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Old 01-25-2017, 04:00 AM   #1
krausezuhause
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Default DESeq2 lrt with multiple factors and batch effect

Dear all,
I have a question concerning a multiple factor analysis with a batch effect reflecting the day of the library preparation (2 dates). I am using the likrlihood ratio test in DESeq2. My variable of interest is a continious variable indicating how much a person is exposed. Further I want to control for possible confounders sex, age and BMI.

My first question would be if the design makes sense:

Code:
dds <- DESeqDataSetFromMatrix(countData = MyCounts,
                                colData = MyData,
                                design = ~libbatch + sex + age + BMI + Exposure)

dds<-DESeq(dds,test= "LRT",full = design(dds),reduced = ~libbatch)

res<-results(dds,name = "Exposure" ,pAdjustMethod = "fdr")
or would I need to do something like this:


Code:
dds<-DESeq(dds,test= "LRT",full = design(dds),reduced = ~libbatch + sex + age + BMI +)
And the second question concerning the results:
Why are so many NAs among the adjusted pvalues? and why are many of them equal?

Quote:

res<-results(dds,name = "Expo.delta" ,pAdjustMethod = "fdr")
baseMean log2FoldChange lfcSE stat pvalue padj
gene1 13009.48564 -0.0005561894 0.001880162 25.89735 0.0002326616 0.01561069
gene2 163.28590 -0.0043968404 0.003520945 25.21172 0.0003119647 0.01561069
gene4 88.93107 -0.0074868961 0.006939026 26.88819 0.0001519605 0.01561069
gene5 121.15589 -0.0092059826 0.004727699 25.50741 0.0002749380 0.01561069
... ... ... ... ... ... ...
genex 24.22494 -0.0117729650 0.011910591 5.048386 0.5376224 NA
geney 23.03576 0.0070158920 0.010191693 5.260325 0.5108840 NA

Many thanks for your help!

Last edited by krausezuhause; 01-25-2017 at 04:09 AM.
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Old 01-25-2017, 04:18 AM   #2
dpryan
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Your reduced design should be "~libbatch + sex + age + BMI", though I'm curious why you explicitly want an LRT.

The NAs are probably due to independent filtering. I'd have to look up which method the "fdr" correction is using, I only ever use the standard BH method.
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Old 01-25-2017, 04:36 AM   #3
krausezuhause
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I did not know you can also correct for a batch effect using the Wald test.
How would the model look like then? the reduced model is ignored in a Wald test.
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Old 01-25-2017, 04:41 AM   #4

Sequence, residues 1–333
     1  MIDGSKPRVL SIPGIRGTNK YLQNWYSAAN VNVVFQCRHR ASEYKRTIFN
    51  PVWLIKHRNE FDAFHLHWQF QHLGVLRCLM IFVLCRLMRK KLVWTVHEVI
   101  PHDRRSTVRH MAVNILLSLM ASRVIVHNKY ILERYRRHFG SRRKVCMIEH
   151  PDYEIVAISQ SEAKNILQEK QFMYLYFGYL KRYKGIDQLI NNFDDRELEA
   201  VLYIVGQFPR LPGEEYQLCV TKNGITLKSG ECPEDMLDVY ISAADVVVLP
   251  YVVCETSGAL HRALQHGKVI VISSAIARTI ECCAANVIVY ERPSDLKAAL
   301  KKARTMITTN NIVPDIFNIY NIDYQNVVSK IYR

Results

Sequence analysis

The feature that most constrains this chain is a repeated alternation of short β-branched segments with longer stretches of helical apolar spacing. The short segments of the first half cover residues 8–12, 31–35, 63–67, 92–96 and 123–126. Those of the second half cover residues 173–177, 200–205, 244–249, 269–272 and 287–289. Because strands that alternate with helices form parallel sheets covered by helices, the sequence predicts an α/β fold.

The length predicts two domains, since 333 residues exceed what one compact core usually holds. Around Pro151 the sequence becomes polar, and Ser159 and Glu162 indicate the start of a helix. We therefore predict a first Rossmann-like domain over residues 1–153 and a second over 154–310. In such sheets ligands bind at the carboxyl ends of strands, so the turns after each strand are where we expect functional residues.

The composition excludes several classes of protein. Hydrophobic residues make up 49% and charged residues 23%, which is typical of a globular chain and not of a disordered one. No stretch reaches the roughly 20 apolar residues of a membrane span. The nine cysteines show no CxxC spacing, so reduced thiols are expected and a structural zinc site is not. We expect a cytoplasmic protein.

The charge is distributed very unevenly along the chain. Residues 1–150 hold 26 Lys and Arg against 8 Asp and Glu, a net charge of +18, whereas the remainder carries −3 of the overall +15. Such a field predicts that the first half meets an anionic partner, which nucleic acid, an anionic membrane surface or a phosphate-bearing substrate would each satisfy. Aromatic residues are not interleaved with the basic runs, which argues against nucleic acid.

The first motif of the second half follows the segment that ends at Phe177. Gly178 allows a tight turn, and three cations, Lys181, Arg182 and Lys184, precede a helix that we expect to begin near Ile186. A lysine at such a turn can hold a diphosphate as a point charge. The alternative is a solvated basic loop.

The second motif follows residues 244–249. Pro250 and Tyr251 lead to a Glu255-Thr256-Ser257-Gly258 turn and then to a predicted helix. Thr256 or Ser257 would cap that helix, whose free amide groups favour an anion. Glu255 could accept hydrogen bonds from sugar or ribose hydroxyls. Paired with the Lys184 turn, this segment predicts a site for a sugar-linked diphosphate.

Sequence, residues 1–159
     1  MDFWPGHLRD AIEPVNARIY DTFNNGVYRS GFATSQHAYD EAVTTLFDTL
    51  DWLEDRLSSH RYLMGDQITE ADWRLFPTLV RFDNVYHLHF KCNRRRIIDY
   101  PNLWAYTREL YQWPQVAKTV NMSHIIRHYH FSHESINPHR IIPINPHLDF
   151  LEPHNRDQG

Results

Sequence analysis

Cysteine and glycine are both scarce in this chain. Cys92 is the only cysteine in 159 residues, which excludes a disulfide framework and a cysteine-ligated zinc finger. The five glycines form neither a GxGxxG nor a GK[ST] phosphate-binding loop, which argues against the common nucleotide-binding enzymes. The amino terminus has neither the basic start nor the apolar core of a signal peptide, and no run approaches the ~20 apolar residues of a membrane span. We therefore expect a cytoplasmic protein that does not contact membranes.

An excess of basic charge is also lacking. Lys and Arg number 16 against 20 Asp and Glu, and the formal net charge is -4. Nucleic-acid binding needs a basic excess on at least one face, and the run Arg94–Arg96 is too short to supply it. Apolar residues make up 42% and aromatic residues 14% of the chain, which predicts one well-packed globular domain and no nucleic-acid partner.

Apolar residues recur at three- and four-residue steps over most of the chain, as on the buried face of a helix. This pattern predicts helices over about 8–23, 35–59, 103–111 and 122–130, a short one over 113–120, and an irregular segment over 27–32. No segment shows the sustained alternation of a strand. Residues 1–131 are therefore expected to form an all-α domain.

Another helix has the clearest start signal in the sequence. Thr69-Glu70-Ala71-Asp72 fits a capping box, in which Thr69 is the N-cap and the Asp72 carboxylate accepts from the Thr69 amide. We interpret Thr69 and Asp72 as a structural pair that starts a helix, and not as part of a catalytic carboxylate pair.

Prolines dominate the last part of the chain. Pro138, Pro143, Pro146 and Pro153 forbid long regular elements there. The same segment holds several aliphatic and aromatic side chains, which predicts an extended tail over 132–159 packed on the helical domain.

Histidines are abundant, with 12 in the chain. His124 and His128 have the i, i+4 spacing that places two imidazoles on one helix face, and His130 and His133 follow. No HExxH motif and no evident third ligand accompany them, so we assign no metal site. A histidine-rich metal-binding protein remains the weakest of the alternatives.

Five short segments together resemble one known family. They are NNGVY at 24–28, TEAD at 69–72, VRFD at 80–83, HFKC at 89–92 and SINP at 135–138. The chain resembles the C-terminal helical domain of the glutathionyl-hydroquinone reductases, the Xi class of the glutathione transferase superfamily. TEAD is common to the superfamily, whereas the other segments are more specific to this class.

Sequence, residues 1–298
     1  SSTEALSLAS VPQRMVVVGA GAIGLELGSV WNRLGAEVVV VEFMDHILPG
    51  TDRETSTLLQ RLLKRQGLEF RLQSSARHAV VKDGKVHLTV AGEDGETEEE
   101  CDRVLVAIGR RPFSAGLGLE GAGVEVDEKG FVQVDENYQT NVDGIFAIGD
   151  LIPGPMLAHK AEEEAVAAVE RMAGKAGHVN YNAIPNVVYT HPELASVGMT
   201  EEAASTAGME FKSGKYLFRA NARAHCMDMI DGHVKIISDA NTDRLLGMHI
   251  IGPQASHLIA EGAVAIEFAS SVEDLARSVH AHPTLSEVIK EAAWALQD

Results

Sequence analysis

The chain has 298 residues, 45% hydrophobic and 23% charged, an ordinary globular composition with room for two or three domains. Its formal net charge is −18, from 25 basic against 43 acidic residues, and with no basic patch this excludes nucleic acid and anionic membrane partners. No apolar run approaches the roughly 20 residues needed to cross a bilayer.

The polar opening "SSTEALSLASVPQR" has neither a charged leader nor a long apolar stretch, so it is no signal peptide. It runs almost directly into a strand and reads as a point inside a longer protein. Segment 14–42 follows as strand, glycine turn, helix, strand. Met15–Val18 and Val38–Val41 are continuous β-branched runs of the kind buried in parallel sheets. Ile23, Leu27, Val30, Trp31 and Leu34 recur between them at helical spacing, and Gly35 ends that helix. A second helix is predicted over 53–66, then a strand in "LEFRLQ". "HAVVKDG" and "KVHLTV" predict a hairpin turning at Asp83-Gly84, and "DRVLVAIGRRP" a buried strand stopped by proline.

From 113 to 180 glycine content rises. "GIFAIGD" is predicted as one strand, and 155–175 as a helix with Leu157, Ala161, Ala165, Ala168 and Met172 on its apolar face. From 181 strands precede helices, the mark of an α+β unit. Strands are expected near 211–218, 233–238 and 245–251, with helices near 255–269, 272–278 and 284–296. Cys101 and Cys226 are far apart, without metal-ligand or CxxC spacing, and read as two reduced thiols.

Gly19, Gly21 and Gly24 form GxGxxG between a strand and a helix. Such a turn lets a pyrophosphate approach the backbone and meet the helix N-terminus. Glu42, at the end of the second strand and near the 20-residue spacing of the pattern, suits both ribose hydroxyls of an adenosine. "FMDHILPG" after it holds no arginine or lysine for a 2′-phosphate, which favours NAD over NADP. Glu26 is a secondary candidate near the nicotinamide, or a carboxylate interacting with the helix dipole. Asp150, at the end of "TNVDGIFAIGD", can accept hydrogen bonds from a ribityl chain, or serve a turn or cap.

dpryan
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Your full design is the same for Wald and LRT, only the latter needs a reduced design.

Code:
dds <- DESeqDataSetFromMatrix(countData = MyCounts,
                                colData = MyData,
                                design = ~libbatch + sex + age + BMI + Exposure)
dds<-DESeq(dds)
res <- resuls(dds) # I think this will default to Exposure, being the last variable in the design
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Old 01-25-2017, 04:44 AM   #5
krausezuhause
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and what would be the interpretation of this model?

Quote:
dds <- DESeqDataSetFromMatrix(countData = MyCounts,
colData = MyData,
design = ~libbatch + sex + age + BMI + Exposure)

dds<-DESeq(dds,test= "LRT",full = design(dds),reduced = ~libbatch)
Only correcting for batch effect and the other confounders are ignored?

Thanks for your reply!
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Old 01-25-2017, 04:57 AM   #6
dpryan
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? It's the same model, you're still correcting for the batch and accounting for changes in the confounders. You're just getting your p-value according to whether the log2FC of "Exposure" is different from 0 (Wald test) as opposed to whether the full or reduced models fit better (LRT).
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Old 01-25-2017, 05:19 AM   #7
krausezuhause
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So If I understand correctly now, with the LRT above I account for batch and confounders but can not relate the significant genes to exposure?

I get about 300 significant hits with the LRT (reduced = ~libbatch) model, but 0 hits with the Wald or LRT (reduced = ~libbatch + sex + age + BMI )
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Old 01-25-2017, 05:58 AM   #8
dpryan
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Your confounders are masking any effect of exposure. Sorry your results didn't turn out better.
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Old 01-25-2017, 06:03 AM   #9
krausezuhause
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Many thanks for the explanation!
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